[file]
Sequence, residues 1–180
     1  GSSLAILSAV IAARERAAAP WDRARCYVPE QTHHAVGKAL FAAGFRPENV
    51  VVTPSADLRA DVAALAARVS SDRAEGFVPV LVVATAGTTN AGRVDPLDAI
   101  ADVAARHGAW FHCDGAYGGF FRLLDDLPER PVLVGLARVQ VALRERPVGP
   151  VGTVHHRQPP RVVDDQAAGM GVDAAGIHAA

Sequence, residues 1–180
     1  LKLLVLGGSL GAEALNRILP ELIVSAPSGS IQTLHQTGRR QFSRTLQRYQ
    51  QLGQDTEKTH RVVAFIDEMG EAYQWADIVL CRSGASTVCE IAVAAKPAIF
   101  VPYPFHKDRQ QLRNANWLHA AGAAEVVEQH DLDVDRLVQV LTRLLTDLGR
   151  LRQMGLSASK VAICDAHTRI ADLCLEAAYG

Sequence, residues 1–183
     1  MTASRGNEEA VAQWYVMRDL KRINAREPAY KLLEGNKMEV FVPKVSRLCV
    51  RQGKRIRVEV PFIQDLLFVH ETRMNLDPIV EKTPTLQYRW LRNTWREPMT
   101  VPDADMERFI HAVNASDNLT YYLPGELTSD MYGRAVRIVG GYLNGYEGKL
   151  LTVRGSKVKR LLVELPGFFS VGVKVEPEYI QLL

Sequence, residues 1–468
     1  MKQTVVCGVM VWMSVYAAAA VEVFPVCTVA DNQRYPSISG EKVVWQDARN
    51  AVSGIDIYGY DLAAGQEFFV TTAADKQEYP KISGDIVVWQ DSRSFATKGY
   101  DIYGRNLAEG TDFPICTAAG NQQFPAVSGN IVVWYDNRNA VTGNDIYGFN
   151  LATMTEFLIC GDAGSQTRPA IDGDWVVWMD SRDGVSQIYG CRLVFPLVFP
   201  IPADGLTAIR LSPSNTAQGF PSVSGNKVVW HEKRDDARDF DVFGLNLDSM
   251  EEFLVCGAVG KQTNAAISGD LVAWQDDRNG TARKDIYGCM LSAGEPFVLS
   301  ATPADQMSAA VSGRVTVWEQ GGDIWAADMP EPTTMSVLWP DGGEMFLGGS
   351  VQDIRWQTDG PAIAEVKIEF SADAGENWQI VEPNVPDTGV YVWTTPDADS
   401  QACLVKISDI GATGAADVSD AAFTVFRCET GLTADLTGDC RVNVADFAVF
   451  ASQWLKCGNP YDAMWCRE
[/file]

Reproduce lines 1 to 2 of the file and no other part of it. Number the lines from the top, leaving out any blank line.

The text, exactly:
Sequence, residues 1–180
     1  GSSLAILSAV IAARERAAAP WDRARCYVPE QTHHAVGKAL FAAGFRPENV